Dr. Blaine Passey and nurse Cato Persico discovered a few days ago they have more in common than the fact they both work for the same company. Theirs is a connection that goes back 43 years to one of the most terrible times in history.
It turns out Passey was one of the American soldiers who liberated the concentration camp where Persico and thousands of other victims of the Nazis were interned during World War II.Recently, Persico, a nurse who lives in North Salt Lake, was talking with Passey at the FHP offices where they work, 1525 W. 21st South. He asked her if she were a German, because of her accent.
She flared up that she certainly was not, that the accent was Dutch; she was from Holland. Passey asked her where she was from in Holland, as he spent time there in World War II.
Persico replied that she was from Amsterdam, but for much of the war, she wasn't in Holland - she was in a Nazi concentration camp. That was in eastern Germany, Nordhau-sen. It was the same concentration camp that Passey helped evacuate during the war.
In a Deseret News interview at her apartment, Persico (her married name; she was born Cato Huisman), related how two girlfriends in Holland invited her and her brother to a party in 1943, when she was a little girl in occupied Amsterdam. The friends were Hitler Youths, and their father was an SS leader.
As the party ended, she and her brother, Henk, took food and stuffed it into their pockets.
Although they were not Jewish, an officer and soldier chased them down, threw them on the ground, found the food and told them they would be punished "for stealing food from the fighters," Persico said.
They were thrown in one of 10 or 11 trucks that were filled with crying children. The 300 children were trucked to a flat-bottomed boat, which then took two days and two nights to get to Germany. Some children died along the way.
Before they reached the camp, they stopped at a former cheese factory, and there she was wounded in the leg by shrapnel during an air raid. She refused the assistance of a German doctor. Next they were loaded in boxcars for the several hours it took to reach Nordhausen.
This was a work camp where V-1 missiles were built. She remembered "a horrible smell. . . . We never realized it was the smell of burning flesh."
Immediately upon arrival, the prisoners were forced to strip, and they were shaved. "I was covered with lice and sores already at that time. The hair was used to stuff mattresses."
She worked for 12 hours a day in a factory at the camp. "We had to witness a lot of cruelty in the camp, too," she said. She described horrible scenes of torture and degradation.
Green, mildewed bread was handed out before dawn, she said. "The soup at the camp was made out of human fat, and there were maggots floating in it. Very nourishing for your Sunday meal."
Persico said her brother was forced to dig ditches for mass graves.
At times the prisoners were punished by being forced to stand close to a wall for hours at a time, in freezing rain. If one of them allowed his nose to touch the wall, he was beaten.
Toward the end, she said, she worked with the incineration ovens, "knee-deep in ashes that used to be human beings."
She spent 20 months there, until Americans liberated the camp in April 1945.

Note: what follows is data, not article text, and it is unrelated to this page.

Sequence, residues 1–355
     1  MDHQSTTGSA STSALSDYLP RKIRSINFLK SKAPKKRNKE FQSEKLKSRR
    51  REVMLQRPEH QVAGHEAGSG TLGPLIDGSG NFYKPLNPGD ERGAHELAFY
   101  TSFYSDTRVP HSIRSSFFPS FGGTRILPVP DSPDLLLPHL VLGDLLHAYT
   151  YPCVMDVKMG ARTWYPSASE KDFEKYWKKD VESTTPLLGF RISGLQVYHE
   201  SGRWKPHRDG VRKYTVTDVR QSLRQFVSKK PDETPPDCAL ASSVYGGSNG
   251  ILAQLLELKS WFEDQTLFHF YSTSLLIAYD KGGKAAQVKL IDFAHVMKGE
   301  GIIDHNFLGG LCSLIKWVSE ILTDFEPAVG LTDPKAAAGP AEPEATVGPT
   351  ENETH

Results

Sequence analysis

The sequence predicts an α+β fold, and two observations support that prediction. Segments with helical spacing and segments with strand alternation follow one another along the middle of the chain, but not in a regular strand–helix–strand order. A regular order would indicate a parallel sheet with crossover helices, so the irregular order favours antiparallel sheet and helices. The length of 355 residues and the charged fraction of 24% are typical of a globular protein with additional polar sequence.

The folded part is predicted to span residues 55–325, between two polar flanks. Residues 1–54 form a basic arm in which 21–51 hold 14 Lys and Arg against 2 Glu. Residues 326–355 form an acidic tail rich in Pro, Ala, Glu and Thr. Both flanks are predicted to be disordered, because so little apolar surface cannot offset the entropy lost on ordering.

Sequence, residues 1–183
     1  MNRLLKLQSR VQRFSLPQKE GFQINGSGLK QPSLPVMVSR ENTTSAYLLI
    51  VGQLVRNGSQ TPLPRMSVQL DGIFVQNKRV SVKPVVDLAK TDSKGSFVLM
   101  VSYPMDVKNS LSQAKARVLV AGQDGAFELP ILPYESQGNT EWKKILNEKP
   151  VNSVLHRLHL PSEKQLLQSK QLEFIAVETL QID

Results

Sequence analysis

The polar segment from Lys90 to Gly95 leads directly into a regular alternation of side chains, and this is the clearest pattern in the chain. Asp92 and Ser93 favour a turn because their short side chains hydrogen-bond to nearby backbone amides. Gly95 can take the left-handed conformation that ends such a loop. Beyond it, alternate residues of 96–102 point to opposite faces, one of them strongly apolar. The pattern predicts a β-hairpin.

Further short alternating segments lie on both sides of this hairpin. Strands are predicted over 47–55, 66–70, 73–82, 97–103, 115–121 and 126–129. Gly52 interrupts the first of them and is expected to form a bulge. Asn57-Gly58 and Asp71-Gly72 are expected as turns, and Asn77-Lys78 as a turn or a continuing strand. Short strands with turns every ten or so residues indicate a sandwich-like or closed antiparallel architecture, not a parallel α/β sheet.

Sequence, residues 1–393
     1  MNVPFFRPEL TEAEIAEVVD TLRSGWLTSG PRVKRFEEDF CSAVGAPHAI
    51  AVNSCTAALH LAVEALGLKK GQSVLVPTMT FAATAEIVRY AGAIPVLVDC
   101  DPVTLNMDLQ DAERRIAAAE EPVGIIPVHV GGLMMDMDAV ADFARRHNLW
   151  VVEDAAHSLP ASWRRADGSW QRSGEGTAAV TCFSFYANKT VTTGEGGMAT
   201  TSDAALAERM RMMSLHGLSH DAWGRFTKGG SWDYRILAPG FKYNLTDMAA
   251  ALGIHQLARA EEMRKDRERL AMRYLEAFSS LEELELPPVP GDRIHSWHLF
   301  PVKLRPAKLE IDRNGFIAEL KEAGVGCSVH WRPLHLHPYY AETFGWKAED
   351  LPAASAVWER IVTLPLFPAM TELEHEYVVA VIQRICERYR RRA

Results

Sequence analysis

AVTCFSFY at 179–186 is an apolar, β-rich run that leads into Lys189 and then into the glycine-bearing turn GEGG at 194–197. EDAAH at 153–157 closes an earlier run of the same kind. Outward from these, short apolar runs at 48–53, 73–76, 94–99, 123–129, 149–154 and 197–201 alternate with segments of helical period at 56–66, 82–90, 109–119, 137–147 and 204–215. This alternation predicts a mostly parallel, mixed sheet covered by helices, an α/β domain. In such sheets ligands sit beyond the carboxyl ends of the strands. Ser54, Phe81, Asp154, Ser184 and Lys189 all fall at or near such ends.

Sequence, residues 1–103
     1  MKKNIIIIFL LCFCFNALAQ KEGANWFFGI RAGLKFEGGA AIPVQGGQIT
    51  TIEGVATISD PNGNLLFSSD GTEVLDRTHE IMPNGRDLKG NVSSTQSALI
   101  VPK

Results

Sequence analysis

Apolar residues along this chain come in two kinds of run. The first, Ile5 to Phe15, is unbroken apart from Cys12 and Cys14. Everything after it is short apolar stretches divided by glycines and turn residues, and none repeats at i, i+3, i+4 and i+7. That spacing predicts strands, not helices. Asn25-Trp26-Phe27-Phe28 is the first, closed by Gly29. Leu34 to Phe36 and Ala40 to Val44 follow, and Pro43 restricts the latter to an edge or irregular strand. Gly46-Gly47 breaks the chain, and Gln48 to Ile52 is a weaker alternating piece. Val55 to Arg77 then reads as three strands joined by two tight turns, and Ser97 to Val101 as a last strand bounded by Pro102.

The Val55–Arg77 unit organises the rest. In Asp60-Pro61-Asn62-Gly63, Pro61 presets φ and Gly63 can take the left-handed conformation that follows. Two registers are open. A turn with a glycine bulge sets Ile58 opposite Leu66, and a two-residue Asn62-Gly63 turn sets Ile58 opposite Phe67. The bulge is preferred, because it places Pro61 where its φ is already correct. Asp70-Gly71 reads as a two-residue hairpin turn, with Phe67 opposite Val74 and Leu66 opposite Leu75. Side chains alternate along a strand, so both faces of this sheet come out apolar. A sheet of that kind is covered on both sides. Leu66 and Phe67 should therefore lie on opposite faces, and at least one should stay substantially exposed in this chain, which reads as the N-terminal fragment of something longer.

"We could see all of sudden guards running, and trucks arriving in the back," Persico said. Suddenly American soldiers arrived with tanks and trucks.
She was terrified, thinking these unknown soldiers would ship them to another camp. She said they could have been Martians for all she knew.
A soldier tried to put a piece of gum in the girl's mouth, but she wouldn't take it, fearing it was poison. But then he chewed some himself, and she decided it was safe.
She saw soldiers crying at the horrors of the camp and knew then they couldn't be a new group of Nazi monsters.
"I thought they must be OK, because a Nazi doesn't cry. You could feel it inside that you could trust them."
It hit home that they were free "when they took us down to hospitals," and she had her first bath in nearly two years.
"We were very undernourished. We were all bloated up from the hunger," she said
"I don't remember Cato, but there were a whole bunch of scrawny kids running around and a whole lot of bodies," recalled Dr. Passey.
At the time, he was a 24-year-old medical administrator from Salt Lake City, serving with the 68th Medical Group. The group was the evacuation outfit for the 1st Army.
One of the images that sticks in his mind is "the comparison between young, healthy GIs and these poor people," he said.
"I went into the barracks, and these people were stacked on shelves . . . You couldn't tell which were alive and which were not. Many were dead."
In the camp's court yard, emaciated bodies were piled 12 feet high, "like stacks of cordwood."
That comment reminded Persico that when the Nazis were operating the camp, the safest place was where people had typhoid. The guards wouldn't go there, for fear of catching the disease.
After the camp was liberated, the Americans forced local residents to file past the bodies, showing them what had happened. They claimed not to know what was going on.
"Ha," said Persico.
Many years later, she told her story on television and radio. She would say that she wished she could find one of the Americans who liberated the camp.
Now that she has found one, "it was just a real coincidence," Passey said.
"That's one chance in a million," Persico agreed. "I don't think you'll ever come across it again."